369

Internal Shield Ground Adapter for Kickpipe/Stuffing Tubes.  

National Technical Information Service (NTIS)

The present invention generally relates to electrical grounding equipment and more particularly to a shield ground adapter (SGA) designed to shunt high level electromagnetic (EM) energy from cable shields to a metallic boundary such as kickpipe/stuffing t...

D. S. Dixon

1988-01-01

370

Neutron shielding material based on colemanite and epoxy resin.  

PubMed

In recent years, there has been a need for compact shielding design such as self-shielding of a PET cyclotron or upgradation of radiation machinery in existing facilities. In these cases, high performance shielding materials are needed. Concrete or polyethylene have been used for a neutron shield. However, for compact shielding, they fall short in terms of performance or durability. Therefore, a new type of neutron shielding material based on epoxy resin and colemanite has been developed. Slab attenuation experiments up to 40 cm for the new shielding material were carried out using a 252Cf neutron source. Measurement was carried out using a REM-counter, and compared with calculation. The results show that the shielding performance is better than concrete and polyethylene mixed with 10 wt% boron oxide. From the result, we confirmed that the performance of the new material is suitable for practical use. PMID:16381724

Okuno, Koichi

2005-01-01

371

Light shield and cooling apparatus. [high intensity ultraviolet lamp  

NASA Technical Reports Server (NTRS)

A light shield and cooling apparatus was developed for a high intensity ultraviolet lamp including water and high pressure air for cooling and additional apparatus for shielding the light and suppressing the high pressure air noise.

Meador, T. G., Jr. (inventor)

1974-01-01

372

Early test facilities and analytic methods for radiation shielding: Proceedings  

SciTech Connect

This report represents a compilation of eight papers presented at the 1992 American Nuclear Society/European Nuclear Society International Meeting. The meeting is of special significance since it commemorates the fiftieth anniversary of the first controlled nuclear chain reaction. The papers contained in this report were presented in a special session organized by the Radiation Protection and Shielding Division in keeping with the historical theme of the meeting. The paper titles are good indicators of their content and are: (1) The origin of radiation shielding research: The Oak Ridge experience, (2) Shielding research at the hanford site, (3) Aircraft shielding experiments at General Dynamics Fort Worth, 1950-1962, (4) Where have the neutrons gone , a history of the tower shielding facility, (5) History and evolution of buildup factors, (6) Early shielding research at Bettis atomic power laboratory, (7) UK reactor shielding: then and now, (8) A very personal view of the development of radiation shielding theory.

Ingersoll, D.T. (comp.) (Oak Ridge National Lab., TN (United States)); Ingersoll, J.K. (comp.) (Tec-Com, Knoxville, TN (United States))

1992-11-01

373

Active Shielding in Measurements of DC Near Biomagnetic Fields.  

National Technical Information Service (NTIS)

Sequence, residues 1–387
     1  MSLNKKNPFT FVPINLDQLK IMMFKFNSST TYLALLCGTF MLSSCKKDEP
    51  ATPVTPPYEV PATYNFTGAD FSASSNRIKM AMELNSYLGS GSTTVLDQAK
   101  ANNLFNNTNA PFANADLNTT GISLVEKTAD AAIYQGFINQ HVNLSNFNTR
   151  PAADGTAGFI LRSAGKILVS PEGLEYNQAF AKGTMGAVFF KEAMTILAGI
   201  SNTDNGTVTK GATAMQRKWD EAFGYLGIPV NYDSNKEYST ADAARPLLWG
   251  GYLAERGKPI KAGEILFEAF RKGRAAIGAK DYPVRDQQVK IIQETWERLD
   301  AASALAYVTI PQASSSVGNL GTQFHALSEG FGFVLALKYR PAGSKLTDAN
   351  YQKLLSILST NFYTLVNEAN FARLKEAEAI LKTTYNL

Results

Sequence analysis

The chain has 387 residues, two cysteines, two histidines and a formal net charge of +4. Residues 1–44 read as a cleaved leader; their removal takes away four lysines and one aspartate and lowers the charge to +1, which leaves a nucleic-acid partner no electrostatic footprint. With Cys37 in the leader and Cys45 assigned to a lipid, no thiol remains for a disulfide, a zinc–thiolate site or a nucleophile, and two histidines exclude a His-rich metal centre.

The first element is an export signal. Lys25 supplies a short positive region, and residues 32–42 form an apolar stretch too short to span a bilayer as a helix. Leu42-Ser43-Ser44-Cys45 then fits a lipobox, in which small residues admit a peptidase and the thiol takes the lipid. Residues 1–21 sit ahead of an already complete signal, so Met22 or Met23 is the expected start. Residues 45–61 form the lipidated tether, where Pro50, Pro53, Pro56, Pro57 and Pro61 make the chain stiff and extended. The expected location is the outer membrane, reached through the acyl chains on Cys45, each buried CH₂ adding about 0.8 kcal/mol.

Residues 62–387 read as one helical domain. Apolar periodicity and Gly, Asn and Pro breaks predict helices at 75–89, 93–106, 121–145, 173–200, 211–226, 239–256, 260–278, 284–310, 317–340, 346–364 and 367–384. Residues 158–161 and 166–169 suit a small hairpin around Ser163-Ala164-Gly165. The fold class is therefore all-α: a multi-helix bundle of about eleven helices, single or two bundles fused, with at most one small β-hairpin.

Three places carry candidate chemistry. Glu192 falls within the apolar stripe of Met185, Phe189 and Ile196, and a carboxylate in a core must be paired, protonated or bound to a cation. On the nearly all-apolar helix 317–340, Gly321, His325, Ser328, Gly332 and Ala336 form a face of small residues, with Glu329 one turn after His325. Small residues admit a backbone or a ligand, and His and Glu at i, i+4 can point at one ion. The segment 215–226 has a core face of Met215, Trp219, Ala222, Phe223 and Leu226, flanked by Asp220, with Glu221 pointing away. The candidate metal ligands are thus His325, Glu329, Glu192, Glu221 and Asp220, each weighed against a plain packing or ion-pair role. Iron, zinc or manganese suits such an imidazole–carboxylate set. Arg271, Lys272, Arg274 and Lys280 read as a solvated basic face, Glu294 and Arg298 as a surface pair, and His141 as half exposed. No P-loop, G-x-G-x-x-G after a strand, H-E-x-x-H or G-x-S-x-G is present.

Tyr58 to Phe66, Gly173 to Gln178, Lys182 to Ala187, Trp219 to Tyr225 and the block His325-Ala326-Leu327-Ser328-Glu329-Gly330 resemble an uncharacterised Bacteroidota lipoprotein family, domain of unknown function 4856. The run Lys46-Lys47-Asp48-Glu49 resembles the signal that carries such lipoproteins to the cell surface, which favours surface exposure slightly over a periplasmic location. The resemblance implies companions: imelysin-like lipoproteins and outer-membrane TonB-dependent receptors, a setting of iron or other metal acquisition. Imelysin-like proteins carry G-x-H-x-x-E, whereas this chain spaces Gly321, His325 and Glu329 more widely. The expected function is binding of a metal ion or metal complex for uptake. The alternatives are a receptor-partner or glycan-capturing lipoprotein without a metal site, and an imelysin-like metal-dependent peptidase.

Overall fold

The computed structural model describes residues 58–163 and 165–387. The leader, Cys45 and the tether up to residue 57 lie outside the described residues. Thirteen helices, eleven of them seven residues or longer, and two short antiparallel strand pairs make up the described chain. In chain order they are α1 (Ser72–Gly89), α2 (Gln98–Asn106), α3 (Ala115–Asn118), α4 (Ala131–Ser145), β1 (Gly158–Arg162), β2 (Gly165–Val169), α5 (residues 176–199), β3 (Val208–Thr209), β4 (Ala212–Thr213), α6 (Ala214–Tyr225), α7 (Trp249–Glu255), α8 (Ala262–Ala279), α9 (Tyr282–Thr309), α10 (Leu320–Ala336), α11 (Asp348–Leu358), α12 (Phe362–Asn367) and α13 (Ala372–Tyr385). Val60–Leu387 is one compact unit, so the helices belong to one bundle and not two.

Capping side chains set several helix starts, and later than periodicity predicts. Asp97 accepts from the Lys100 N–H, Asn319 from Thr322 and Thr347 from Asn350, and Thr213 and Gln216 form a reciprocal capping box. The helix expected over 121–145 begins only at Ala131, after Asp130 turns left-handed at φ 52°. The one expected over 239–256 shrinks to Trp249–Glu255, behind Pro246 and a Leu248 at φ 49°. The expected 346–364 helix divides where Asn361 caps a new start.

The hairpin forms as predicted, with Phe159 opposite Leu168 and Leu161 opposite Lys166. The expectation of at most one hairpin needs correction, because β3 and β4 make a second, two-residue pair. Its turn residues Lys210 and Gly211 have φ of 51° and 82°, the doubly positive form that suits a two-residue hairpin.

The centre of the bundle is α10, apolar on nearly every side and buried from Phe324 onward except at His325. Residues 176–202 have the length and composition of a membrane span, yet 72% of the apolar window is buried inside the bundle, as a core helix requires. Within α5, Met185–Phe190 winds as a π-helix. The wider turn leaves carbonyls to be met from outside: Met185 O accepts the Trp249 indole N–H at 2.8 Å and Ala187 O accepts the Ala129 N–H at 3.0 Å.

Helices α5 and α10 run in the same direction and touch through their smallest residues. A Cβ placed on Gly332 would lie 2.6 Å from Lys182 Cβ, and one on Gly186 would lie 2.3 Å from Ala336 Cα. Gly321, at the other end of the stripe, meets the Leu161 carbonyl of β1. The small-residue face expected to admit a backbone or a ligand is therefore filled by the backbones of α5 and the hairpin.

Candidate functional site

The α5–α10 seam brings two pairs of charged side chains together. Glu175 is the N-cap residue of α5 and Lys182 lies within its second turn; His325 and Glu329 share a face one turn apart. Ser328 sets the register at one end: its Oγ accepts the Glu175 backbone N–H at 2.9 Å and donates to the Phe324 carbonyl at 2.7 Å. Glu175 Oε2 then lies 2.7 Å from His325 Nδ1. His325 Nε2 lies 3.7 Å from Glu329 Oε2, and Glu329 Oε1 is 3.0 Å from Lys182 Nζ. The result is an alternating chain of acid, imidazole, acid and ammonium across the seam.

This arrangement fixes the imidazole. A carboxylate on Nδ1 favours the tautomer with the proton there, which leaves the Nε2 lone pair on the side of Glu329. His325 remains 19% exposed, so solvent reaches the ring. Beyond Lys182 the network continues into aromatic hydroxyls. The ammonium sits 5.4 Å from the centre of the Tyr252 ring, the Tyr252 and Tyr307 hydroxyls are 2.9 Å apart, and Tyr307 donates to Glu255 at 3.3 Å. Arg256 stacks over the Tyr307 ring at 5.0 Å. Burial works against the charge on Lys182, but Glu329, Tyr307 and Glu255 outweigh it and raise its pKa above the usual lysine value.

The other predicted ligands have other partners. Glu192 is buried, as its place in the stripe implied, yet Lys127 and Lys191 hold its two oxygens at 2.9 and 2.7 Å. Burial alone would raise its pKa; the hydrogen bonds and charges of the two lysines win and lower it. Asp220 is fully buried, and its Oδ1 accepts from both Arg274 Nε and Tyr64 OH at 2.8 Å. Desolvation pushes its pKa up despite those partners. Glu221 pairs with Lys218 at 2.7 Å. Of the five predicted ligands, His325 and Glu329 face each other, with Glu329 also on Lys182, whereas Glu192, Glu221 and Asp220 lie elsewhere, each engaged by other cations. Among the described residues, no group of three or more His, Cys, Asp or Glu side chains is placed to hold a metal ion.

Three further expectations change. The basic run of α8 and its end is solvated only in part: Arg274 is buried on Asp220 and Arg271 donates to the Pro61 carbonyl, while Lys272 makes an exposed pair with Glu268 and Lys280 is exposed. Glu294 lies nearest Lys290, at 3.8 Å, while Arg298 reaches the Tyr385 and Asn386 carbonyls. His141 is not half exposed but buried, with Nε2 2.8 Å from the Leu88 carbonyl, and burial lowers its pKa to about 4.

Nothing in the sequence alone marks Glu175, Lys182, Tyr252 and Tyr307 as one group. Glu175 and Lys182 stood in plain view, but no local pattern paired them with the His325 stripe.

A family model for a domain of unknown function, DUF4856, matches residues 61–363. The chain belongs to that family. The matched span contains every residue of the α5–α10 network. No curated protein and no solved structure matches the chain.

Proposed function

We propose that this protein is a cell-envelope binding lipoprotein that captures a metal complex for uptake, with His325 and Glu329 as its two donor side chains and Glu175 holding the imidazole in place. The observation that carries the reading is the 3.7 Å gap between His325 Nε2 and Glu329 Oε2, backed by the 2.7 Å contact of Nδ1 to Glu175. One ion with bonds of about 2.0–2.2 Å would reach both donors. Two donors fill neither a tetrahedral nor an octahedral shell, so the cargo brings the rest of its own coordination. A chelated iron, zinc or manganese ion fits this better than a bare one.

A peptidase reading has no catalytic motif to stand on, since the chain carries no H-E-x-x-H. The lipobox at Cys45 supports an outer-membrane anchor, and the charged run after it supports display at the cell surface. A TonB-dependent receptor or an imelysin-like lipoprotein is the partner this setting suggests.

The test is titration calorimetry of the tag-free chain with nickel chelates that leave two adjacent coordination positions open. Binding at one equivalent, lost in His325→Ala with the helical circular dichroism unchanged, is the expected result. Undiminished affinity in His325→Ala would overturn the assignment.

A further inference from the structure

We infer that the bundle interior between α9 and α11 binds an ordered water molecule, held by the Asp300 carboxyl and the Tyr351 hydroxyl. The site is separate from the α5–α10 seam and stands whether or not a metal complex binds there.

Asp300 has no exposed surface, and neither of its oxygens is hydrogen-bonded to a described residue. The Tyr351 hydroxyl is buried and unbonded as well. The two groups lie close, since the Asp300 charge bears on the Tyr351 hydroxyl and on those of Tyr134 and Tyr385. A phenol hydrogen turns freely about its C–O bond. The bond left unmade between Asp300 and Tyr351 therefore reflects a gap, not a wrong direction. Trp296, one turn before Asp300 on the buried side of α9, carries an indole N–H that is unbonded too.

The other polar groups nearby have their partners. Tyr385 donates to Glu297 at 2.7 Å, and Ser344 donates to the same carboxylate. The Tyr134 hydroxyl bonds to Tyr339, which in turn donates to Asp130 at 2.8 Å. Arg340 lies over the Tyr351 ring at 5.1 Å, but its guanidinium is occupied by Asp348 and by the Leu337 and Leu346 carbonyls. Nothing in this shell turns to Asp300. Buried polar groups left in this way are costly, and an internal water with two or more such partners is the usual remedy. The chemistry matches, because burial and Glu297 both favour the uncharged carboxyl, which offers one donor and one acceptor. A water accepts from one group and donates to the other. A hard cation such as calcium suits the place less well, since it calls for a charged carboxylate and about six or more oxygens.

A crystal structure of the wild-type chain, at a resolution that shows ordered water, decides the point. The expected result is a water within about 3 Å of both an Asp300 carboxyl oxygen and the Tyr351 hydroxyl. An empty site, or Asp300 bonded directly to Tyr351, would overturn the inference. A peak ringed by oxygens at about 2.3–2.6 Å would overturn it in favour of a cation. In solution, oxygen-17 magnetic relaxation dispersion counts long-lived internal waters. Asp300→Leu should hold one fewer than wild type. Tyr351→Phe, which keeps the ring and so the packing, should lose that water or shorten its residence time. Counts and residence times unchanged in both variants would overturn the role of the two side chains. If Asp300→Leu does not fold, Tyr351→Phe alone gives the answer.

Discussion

Measurements of DC near biomagnetic fields are disturbed by low frequency noise, that are not reduced sufficiently by most of the magnetically shielded rooms or gradiometers. An effective SQUID based active shielding system has been developed and installe...

H. Nowak J. Haueisen M. Ziolkowski F. Resmer J. Schueler

2001-01-01

374

Opportunity's Heat Shield in Color, Sol 335  

NASA Technical Reports Server (NTRS)

This image from the panoramic camera on NASA's Mars Exploration Rover Opportunity features the remains of the heat shield that protected the rover from temperatures of up to 2,000 degrees Fahrenheit as it made its way through the martian atmosphere. This two-frame mosaic was taken on the rover's 335th martian day, or sol, (Jan. 2, 2004).

The view is of the main heat shield debris seen from approximately 10 meters (about 33 feet) away from it. Many rover-team engineers were taken aback when they realized the heat shield had inverted, or turned itself inside out. The height of the pictured debris is about 1.3 meters (about 4.3 feet). The original diameter was 2.65 meters (8.7 feet), though it has obviously been deformed. The Sun reflecting off of the aluminum structure accounts for the vertical blurs in the picture.

The fact that the heat shield is now inside out makes it more challenging to evaluate the state of the thermal protection system that is now on the inside. In coming sols, Opportunity will investigate the debris with its microscopic imager.

Engineers who designed and built the heat shield are thrilled to see the hardware on the surface of Mars. This provides a unique opportunity to look at how the thermal protection system material survived the actual Mars entry. Team members hope this information will allow them to compare their predictions to what really happened.

The image is an approximately true-color rendering generated using the panoramic camera's 600, 530 and 480 nanometer filters.

2005-01-01

375

Earth Science Lessons  

NSDL National Science Digital Library

This collection of Earth Science lessons, tests, and activities for middle school students is an accompaniment to the Volcano World website. Topics covered include plate tectonics, Pangea, plate movement, Earth layers, earthquakes, volcanoes, rocks and minerals, and prehistoric Earth.

Johnson, Scott

376

Earth and Space  

NSDL National Science Digital Library